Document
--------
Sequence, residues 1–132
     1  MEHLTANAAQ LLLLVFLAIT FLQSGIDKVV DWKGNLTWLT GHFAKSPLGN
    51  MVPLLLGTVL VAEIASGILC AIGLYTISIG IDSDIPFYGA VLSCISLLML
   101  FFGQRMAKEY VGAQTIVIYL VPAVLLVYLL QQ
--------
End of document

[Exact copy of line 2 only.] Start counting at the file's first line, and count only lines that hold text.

     1  MEHLTANAAQ LLLLVFLAIT FLQSGIDKVV DWKGNLTWLT GHFAKSPLGN